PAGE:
From Washington to Wall Street, a lot of institutions get blamed for high gas prices. We explore what actually drives the price at the pump.
You may have heard that gas prices were up in 2021. You may have also heard that President Biden or, conversely, fossil fuel profiteers are to blame. Unlike the price of milk or other commodities, many of which are also up due to inflation, the price of gas is thought of as a bellwether for the current economic moment. It’s a price nearly everyone has to pay, and it’s posted prominently on street corners. So, there’s a lot of attention paid to the price of gas. Unfortunately, there’s also considerable confusion about why the gas at your local filling station costs what it does.
The national average cost of a gallon of gas peaked this past November at $3.41 (they have since dipped slightly to $3.30 as of this printing). That’s up 60% from Nov. of 2020. The economic upheaval of the pandemic has played a significant role in this price spike as demand cratered in 2020, leading oil companies to cut production. As economic activity rebounded in 2021, demand soared beyond even pre-pandemic levels, while production and supply haven’t caught back up. This classic disparity between supply and demand is driving gas prices up.
The Energy Information Administration divides the cost of gasoline thusly: the cost of crude oil, refining costs and profits, distribution and marketing, and federal and state taxes. Below, we’ll break down each of these and explain what’s influencing them in our current moment.
First, the cost of crude oil. Unrefined petroleum, or crude oil, is traded on world markets and its price follows the basic economics of supply and demand. Major producers include OPEC (Organization of Petroleum Exporting Countries), Russia, and the United States. Currently, the price of crude oil is hovering just below $80 a barrel. That’s up 50 percent year-over-year and at its highest since 2018. Crude oil makes up roughly half the price of a gallon of gas.
An important piece of context: in recent years OPEC nations and Russia have maintained more limited production at the same time that the US ramped up its own production, largely in an effort to protect their profits. Today, even as demand rises, OPEC states and Russia have only made modest increases in production, and only after pressure from other countries including the US and the European Union. The US has also tapped strategic oil reserves in recent months to help ease gas prices.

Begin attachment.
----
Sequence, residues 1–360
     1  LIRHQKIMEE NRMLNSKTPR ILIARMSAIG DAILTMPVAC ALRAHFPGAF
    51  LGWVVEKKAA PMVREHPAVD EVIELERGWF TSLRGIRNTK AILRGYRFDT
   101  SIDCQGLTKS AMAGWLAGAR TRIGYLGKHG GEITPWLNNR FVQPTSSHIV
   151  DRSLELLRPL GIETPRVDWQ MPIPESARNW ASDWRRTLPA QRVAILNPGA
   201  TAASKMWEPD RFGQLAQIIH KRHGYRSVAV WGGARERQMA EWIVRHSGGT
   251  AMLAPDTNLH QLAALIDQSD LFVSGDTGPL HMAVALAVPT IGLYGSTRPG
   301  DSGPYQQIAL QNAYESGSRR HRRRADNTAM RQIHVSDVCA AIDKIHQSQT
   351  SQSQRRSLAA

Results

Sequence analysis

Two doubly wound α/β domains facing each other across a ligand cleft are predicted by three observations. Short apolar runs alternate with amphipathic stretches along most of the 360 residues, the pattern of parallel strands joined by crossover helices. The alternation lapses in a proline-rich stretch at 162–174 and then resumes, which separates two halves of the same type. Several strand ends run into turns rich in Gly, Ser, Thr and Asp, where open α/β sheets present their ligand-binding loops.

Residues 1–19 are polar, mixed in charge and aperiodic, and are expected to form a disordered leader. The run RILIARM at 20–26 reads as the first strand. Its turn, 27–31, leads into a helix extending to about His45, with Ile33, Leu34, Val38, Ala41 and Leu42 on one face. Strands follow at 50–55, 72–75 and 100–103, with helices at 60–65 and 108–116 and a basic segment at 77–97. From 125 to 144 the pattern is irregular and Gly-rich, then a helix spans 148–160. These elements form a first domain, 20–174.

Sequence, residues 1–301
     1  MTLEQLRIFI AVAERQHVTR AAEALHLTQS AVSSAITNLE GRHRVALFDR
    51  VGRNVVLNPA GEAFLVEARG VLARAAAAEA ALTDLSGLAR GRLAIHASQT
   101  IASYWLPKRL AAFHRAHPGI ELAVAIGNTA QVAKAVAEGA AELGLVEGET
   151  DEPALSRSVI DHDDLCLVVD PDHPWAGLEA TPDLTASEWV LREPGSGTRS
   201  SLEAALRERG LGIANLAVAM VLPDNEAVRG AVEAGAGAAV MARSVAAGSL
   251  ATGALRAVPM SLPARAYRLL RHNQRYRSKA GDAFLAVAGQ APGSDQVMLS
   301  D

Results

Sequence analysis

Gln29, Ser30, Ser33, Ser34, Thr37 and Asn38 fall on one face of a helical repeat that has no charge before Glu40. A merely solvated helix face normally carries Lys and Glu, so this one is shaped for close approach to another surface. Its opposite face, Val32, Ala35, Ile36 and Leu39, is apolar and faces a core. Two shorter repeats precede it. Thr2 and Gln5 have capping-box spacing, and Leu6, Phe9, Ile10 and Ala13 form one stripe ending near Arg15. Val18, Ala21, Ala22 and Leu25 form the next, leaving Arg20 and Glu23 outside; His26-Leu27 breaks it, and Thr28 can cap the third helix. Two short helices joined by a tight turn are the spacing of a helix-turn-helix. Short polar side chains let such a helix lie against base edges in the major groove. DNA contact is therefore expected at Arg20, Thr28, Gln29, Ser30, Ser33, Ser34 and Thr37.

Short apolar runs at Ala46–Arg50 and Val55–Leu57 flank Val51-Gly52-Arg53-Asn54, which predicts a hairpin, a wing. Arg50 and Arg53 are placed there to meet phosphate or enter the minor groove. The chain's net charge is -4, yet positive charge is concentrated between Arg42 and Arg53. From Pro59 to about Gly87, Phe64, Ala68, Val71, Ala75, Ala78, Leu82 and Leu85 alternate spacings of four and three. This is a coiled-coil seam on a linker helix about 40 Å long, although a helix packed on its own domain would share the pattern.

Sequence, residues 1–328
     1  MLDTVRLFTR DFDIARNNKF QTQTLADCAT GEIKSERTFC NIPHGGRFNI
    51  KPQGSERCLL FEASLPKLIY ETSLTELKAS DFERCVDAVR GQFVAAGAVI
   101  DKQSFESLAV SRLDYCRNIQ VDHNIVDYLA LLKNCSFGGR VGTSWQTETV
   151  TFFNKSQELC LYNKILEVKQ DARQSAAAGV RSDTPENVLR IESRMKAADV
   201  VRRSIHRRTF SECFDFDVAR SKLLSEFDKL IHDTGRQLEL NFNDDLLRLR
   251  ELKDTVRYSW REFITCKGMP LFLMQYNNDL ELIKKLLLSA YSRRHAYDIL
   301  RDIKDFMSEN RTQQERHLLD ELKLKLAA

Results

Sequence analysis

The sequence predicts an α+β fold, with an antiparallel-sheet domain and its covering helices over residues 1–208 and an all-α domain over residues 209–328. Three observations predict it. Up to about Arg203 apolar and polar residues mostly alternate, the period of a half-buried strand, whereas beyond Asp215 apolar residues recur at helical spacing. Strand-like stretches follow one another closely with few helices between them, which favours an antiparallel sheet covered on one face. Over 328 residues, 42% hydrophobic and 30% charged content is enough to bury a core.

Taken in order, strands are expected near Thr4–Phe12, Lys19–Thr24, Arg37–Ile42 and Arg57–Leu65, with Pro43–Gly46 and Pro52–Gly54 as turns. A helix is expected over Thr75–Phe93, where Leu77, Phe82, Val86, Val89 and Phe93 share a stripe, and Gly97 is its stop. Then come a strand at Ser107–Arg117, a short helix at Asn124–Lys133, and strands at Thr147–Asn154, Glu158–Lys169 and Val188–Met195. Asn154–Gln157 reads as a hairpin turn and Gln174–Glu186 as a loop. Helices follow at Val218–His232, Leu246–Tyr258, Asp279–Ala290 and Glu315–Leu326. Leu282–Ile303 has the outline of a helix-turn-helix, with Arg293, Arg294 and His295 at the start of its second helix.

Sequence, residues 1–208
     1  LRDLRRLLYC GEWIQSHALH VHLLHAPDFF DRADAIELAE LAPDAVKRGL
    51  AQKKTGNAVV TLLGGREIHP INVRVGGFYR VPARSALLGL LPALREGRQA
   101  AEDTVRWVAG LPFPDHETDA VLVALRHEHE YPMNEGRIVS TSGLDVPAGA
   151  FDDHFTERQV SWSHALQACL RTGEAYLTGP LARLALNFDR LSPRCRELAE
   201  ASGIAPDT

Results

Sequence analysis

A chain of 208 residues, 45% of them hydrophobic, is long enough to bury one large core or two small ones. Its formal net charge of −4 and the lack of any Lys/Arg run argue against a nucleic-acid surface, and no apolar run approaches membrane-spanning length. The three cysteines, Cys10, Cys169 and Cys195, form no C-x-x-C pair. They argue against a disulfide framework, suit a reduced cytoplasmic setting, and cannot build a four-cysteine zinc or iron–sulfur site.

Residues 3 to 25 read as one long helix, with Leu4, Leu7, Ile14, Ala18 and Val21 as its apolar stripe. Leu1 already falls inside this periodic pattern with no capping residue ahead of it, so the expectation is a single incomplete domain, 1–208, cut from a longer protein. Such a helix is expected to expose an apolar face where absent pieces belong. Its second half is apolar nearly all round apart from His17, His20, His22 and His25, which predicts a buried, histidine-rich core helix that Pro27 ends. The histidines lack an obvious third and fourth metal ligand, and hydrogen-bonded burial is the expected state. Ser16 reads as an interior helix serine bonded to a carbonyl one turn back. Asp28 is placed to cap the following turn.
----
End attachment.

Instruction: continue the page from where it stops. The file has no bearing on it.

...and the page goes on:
Refining crude oil into gasoline (and other petroleum products) and the profits of oil producers and sellers makes up another 15-25 percent of the cost of a gallon of gas. Hurricanes and the Texas cold snap put many gulf coast refineries off-line for weeks or months in 2021. These closures were felt most acutely in the Rocky Mountains and the West Coast.
A big reason why supply isn’t keeping up with demand relates back to the profits of the large, publicly traded, multi-national fossil fuel companies and a widespread change in outlook. Despite record profits for the industry, less of that money is being funneled back into new drilling and is instead going to shareholders and stock buybacks. For many companies, investing in new wells just isn’t smart. Ventures like those in the North Dakota oil fields can go from boom to bust while both independents and conglomerates alike are operating at a loss in order to scale production. Coupled with pandemic related uncertainty and a Biden Administration’s energy policy that seeks to shift away from fossil fuels, all this has shareholders and boards erring on the side of caution and reaping record profits in the meantime.
There’s always a gap between wholesale prices and retail prices of any commodity, it’s where retailers make their money. Markets typically favor sellers who price their goods competitively. But the current gap between wholesale and retail is seeing a greater lag than usual in response to market fluctuations. The Biden Administration has complained about this kind of profiteering, but market volatility is encouraging sellers to maximize their profits when and where they can.
Taxes account for between 16-22 percent of the price of a gallon of gas. Federal taxes are set at 18.4 cents per gallon. Additional state taxes vary, with states like Alaska on the low end at 14.6 cents and California at the high end at 66.9 cents. Some states add sales or “use” taxes like those in Indiana (7%), Michigan (6%), and county level taxes in Hawaii.
Marketing and distribution make up the final 10-14 percent of the cost of a gallon of gas. Distribution costs has also risen with the snagging of supply chains, most particularly the national shortage of truck drivers.
The Biden Administration has come in for criticism of its cancellation of the Keystone XL pipeline, which had been planned to pump Canadian tar sands oil from Alberta to refineries in the southern US. Though a big win for environmentalists, others point to the Keystone cancellation as contributing to our current gas crunch. Experts argue that the additional refining costs of tar sands oil would likely be priced into any additional supply and therefore have little to no effect on the price at the pump.
At the end of the day, the price of a gallon of gas is subject to many different forces, from the pandemic and extreme weather events to global economic trends and current US energy policy. Though they are dipping slightly, experts warn that high gas prices are likely to persist through much of 2022.